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Hillary Clinton was Never Going to Support TPP

But why come out against it now?
U.S. Democratic presidential candidate Hillary Clinton speaks during a community forum campaign event at Cornell College in Mt Vernon, Iowa, October 7, 2015.
U.S. Democratic presidential candidate Hillary Clinton speaks during a community forum campaign event at Cornell College in Mt Vernon, Iowa, October 7, 2015. 

When the Trans-Pacific Partnership trade deal first came before Congress, in the form of fast-track authority to let President Obama wrap up the deal, Democracy for America, the influential liberal group started by Howard Dean, released this warning to Democratic lawmakers:

Ahead of today's votes we wanted to be very clear to Democratic members of Congress: If you vote for either Medicare-cutting Trade Adjustment Assistance legislation or Fast Track Authority for the job-killing Trans-Pacific Partnership, we will not lift a finger or raise a penny to protect you when you're attacked in 2016, we will encourage our progressive allies to join us in leaving you to rot, and we will actively search for opportunities to primary you with a real Democrat.

Unions froze all donations to Democrats to pressure them, then ran expensive ad campaigns against Democrats who said they would vote for it.

For labor unions and the base of the Democratic Party, TPP is not just one issue among many. It is the issue. Very few Democrats in Congress support the deal, or any free trade deal for that matter. Senate Democratic Leader Harry Reid, asked if he would support TPP, said, “The answer is not only no, but hell no.”

“I have never, ever in my 33 years in Congress ever supported, ever supported a trade agreement. And I'm not going to start now,” Reid said. “They're not good for the American people. They're not good for working men and women. It puts us at a disadvantage.”

Hillary Clinton is now running in a Democratic primary in which the most motivated voters are virulently opposed to this deal, and labor unions, an indispensable source of money and organizing for any Democratic nominee, have made it their number one issue.

Plus, there is virtually no political downside to her opposition to TPP. There is no constituency in the Democratic party that is rabidly in favor of the deal (just try to find someone who says she lost his or her vote over this decision), and Republican presidential hopefuls who are dead set against ObamaTrade will have a hard time attacking her for it. Certain policy wonks are disappointed in her, but that will likely be the extent of the backlash.

In other words, there was no way Hillary Clinton could ever support it. It would be like a Republican presidential candidate endorsing Obamacare. He or she would be applauded in some quarters for principled nobility, but the nobility would be suicidal. Hillary Clinton decide that TPP was not the hill she wanted to die on. How you feel about Secretary Clinton’s decision probably has more to do with your feelings about Hillary Clinton and politics in general than about TPP.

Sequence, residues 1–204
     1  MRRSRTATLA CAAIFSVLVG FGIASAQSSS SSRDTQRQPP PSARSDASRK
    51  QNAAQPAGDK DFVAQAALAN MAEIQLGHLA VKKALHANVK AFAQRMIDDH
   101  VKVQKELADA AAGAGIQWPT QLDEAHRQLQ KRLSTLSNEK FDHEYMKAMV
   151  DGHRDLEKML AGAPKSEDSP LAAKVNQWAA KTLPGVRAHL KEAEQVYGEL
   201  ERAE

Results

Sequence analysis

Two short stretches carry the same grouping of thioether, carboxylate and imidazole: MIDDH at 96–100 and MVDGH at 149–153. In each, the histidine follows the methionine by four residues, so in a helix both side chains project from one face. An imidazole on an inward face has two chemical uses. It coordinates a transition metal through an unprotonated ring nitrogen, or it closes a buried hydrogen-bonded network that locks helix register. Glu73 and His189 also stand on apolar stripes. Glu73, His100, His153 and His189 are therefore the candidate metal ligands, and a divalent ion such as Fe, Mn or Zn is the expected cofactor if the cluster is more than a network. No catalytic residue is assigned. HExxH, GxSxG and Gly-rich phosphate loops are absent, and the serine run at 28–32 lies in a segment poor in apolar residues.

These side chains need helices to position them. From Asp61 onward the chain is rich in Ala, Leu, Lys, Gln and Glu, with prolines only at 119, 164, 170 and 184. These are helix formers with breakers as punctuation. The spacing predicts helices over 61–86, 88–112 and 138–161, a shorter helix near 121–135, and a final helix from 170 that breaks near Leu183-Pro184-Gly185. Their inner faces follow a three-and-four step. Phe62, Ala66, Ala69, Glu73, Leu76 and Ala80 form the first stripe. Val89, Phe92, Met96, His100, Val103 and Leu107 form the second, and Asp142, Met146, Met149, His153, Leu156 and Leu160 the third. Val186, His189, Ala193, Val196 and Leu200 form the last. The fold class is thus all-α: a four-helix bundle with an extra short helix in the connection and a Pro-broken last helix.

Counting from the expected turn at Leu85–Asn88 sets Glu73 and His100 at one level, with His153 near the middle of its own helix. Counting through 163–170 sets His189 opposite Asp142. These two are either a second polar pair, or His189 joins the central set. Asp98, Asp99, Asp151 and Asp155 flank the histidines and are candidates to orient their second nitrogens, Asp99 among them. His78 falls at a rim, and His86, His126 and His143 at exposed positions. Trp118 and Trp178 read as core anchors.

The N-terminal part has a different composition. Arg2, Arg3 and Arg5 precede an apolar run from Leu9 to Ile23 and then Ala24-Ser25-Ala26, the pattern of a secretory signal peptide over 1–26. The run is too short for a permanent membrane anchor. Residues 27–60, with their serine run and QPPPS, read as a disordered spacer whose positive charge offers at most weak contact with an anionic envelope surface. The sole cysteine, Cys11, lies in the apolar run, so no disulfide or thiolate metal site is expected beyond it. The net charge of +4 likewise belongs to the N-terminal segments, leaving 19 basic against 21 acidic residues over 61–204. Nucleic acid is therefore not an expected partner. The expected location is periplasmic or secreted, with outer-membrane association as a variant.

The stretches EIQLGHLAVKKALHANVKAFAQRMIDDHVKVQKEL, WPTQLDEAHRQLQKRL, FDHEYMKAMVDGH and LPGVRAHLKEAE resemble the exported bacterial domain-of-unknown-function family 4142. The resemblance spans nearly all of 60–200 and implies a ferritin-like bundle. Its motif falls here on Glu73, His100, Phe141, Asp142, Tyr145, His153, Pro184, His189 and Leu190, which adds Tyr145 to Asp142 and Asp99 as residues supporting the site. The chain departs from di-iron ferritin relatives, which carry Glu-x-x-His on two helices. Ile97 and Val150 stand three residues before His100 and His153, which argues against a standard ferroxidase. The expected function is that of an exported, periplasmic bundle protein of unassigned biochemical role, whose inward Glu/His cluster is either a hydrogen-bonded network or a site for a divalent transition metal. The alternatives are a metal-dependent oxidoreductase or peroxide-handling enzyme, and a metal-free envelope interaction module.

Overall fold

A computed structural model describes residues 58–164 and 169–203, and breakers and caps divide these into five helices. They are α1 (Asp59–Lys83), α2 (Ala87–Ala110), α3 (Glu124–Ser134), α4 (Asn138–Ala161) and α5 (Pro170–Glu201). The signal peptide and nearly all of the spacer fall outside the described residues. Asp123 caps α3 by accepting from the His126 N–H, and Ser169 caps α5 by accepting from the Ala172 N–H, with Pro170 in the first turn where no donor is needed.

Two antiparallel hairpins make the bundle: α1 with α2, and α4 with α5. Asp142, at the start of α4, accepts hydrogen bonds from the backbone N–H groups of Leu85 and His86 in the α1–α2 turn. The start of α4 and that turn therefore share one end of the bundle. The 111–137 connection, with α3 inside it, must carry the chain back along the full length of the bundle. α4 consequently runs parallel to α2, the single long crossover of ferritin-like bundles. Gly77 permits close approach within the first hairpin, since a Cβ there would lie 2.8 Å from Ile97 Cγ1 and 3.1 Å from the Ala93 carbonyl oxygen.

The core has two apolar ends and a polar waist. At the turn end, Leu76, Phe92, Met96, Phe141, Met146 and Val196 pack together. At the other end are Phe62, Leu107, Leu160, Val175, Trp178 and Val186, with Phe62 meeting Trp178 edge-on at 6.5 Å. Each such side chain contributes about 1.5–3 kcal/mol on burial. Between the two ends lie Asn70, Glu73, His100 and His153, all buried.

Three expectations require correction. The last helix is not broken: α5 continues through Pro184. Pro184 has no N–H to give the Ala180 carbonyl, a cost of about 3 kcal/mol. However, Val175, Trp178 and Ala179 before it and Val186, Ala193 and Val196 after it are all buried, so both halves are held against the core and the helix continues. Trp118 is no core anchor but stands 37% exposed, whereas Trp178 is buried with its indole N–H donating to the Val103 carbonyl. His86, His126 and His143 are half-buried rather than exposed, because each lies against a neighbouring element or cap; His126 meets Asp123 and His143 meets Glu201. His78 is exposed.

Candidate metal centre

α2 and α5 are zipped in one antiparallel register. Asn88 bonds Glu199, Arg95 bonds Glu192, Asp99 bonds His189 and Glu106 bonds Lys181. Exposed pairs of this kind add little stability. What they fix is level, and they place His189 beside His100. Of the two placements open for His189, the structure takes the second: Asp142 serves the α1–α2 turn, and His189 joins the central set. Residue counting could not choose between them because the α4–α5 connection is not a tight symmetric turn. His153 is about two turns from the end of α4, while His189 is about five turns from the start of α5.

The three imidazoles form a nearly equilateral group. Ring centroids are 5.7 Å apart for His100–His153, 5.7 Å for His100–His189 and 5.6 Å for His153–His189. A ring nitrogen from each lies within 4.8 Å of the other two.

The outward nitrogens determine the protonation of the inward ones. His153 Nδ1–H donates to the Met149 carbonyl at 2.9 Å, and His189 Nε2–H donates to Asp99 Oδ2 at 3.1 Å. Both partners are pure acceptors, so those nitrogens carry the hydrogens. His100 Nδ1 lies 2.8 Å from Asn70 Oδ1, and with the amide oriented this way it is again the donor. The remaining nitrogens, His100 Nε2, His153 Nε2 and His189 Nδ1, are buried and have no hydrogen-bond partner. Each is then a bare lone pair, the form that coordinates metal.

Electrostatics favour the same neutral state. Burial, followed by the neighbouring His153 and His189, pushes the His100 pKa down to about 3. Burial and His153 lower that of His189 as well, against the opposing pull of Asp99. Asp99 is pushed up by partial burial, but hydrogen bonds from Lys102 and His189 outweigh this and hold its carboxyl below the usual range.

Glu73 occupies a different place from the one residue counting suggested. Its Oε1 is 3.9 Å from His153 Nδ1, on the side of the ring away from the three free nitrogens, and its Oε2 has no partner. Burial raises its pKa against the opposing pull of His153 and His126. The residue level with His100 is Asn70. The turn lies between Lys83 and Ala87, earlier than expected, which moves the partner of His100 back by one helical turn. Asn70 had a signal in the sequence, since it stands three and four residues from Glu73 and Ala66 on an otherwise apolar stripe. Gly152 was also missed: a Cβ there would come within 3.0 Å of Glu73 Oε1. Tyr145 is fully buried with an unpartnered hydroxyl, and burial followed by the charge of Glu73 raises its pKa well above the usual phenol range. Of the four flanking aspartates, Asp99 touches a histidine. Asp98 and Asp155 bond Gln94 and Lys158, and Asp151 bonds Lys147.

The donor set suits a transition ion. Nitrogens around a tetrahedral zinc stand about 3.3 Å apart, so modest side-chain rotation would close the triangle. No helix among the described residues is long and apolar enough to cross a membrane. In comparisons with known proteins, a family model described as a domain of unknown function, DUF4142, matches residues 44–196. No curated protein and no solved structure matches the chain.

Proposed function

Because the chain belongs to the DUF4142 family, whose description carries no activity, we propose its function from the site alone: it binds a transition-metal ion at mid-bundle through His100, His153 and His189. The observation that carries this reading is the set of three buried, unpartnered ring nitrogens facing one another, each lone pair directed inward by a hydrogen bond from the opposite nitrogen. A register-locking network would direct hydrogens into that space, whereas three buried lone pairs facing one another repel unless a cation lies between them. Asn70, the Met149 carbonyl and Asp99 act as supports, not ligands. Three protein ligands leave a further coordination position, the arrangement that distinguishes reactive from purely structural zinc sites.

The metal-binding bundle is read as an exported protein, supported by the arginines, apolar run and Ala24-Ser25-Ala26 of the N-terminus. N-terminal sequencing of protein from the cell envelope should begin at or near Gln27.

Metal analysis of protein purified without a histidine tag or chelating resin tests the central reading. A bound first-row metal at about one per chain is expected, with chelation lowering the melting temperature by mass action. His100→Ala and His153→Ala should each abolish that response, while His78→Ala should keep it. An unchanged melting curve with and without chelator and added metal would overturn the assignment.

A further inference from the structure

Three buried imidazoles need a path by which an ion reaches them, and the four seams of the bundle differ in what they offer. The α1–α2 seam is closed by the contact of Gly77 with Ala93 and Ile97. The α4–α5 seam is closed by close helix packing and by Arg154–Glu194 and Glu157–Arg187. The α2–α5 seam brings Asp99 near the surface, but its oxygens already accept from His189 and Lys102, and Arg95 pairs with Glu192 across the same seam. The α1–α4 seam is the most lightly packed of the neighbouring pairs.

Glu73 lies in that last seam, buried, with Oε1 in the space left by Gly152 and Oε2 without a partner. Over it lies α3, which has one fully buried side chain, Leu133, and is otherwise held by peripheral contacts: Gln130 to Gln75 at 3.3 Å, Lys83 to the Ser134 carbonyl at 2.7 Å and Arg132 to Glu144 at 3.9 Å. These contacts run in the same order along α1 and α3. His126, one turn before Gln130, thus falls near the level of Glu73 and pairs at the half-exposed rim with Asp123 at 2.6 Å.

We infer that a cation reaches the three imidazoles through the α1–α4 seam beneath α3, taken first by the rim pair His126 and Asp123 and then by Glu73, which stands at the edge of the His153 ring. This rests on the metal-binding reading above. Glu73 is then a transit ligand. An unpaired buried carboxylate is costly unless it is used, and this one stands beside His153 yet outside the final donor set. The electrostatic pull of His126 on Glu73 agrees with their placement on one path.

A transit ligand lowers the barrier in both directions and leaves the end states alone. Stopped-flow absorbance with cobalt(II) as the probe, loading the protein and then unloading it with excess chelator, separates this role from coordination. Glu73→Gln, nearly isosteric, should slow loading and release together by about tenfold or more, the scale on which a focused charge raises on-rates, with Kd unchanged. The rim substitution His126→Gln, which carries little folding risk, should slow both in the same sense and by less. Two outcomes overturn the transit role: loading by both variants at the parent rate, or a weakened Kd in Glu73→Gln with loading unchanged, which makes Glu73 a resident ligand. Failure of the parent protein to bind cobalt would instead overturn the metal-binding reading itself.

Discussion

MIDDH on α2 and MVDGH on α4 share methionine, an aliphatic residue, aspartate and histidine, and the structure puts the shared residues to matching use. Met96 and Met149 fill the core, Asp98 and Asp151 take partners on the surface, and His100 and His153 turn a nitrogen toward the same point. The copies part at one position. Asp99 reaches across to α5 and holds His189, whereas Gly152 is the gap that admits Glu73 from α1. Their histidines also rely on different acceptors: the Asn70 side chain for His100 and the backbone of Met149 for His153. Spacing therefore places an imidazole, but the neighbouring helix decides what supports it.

What is odd, given that she and her staff must have known for months she would have to oppose TPP, is what a poor job she is doing explaining her position. As Vox’s Timothy B. Lee points out, her explanation makes no sense.

[S]he cited two specific objections: It doesn't have language dealing with currency manipulation, and it has provisions that favor big drug companies over patients.

These are totally plausible arguments for opposing the TPP. But they make no sense as reasons for Clinton to change her mind about the treaty.

Currency manipulation has never been a part of TPP and was never going to be. And as for the pharmaceutical language, it is better than it was in the draft version of the deal that had caused so much consternation. In fact, several aspects of the final deal are, by all reports, more “progressive” than critics of the deal feared. TPP skeptic Paul Krugman, in a post called "TPP Take Two," wrote:

[T]he WH is telling me that the agreement just reached is significantly different from what we were hearing before, and the angry reaction of industry and Republicans seems to confirm that.

Given that the White House spin on the final deal is so good, why come out against it now? Why not wait until the text is released and then claim the fine print leads her to reject it? Why choose two reasons two oppose it that ring so hollow? On other issues, including gay marriage, Clinton has claimed a genuine evolution in thinking. Why not say she used to support TPP but after traveling the country and listening to Democratic voters, she has decided she cannot support it after all?

Being a politician and making decisions on the basis of politics is not inherently a bad thing. Many Clinton supporters see her willingness to accede to political realities as evidence of her acumen and ability to win and to get things done. But unions and progressives may wonder why Hillary Clinton is not making more of an effort to telegraph that she is a genuine ally.